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The Effect Of Drugs On Venous Blood Pressure
Source: Disturbances Of The Heart
Capps and Matthews [Footnote: Capps, J. A., and Matthews, S. A.:
Venous Blood Pressure as influenced by the Drugs Employed in
Cardiovascular Therapy, THE JOURNAL A. M. A., Aug. 9, 1913, p. 388.]
have shown that even with first class preparations of digitalis,
there may be only a moderate gradual rise in arterial pressure, but
not much change in venous pressure. Venous pressure was not much
affected by small doses of epinephrin, but with large doses it rose
from 10 to 80 mm. Pituitary extract acts somewhat similarly to
epinephrin. Caffein, though raising the arterial pressure, did not
influence the venous pressure. Strychnin did not raise either
pressure until the dose was sufficient to cause muscular
contractions. They found that the nitrites caused a fall in venous
pressure as well as arterial pressure, although the heart might be
accelerated and more regular. They think that the nitrites act by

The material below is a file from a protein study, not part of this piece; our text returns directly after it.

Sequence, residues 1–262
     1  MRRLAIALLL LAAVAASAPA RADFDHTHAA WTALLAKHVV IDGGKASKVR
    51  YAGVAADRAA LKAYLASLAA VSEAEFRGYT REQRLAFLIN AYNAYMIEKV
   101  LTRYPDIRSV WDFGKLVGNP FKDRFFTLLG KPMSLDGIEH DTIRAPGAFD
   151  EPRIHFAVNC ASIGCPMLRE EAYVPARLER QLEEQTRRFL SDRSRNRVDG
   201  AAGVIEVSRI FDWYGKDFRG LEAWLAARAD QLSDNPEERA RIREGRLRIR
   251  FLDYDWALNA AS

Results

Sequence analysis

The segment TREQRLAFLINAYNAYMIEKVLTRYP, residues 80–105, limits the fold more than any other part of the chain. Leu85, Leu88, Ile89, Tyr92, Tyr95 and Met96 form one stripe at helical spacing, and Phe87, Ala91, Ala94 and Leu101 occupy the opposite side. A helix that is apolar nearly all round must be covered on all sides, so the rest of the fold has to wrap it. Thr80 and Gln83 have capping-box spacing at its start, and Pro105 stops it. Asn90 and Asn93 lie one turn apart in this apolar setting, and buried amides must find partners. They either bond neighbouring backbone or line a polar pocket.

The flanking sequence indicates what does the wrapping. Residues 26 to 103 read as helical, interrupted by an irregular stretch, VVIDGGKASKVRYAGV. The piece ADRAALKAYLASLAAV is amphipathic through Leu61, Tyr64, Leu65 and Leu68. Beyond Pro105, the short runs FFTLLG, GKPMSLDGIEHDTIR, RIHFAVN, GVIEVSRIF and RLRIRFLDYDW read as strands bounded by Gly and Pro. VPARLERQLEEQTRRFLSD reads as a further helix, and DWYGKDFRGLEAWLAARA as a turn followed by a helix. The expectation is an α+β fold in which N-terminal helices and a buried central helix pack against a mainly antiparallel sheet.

depressing the nerve endings in the veins as well as the arteries.
Morphin they found did not act on the venous pressure, although it
lowered arterial tension, in ordinary doses of 1/8 or 1/6 grain; but
with doses of from 1/4 to 1/2 grain, both arterial and venous
pressures were lowered. They found that alcohol in ordinary doses
did not influence the venous pressure, although it lowered the
arterial pressure; but very large doses lowered the arterial and
raised the venous pressure. They think that when the venous pressure
is increased only by large doses of epinephrin, pituitary extract
and alcohol, the effect is due to failure of the heart, although it
may be due to an increase of carbon dioxid in the blood, in other
words, to asphyxia.
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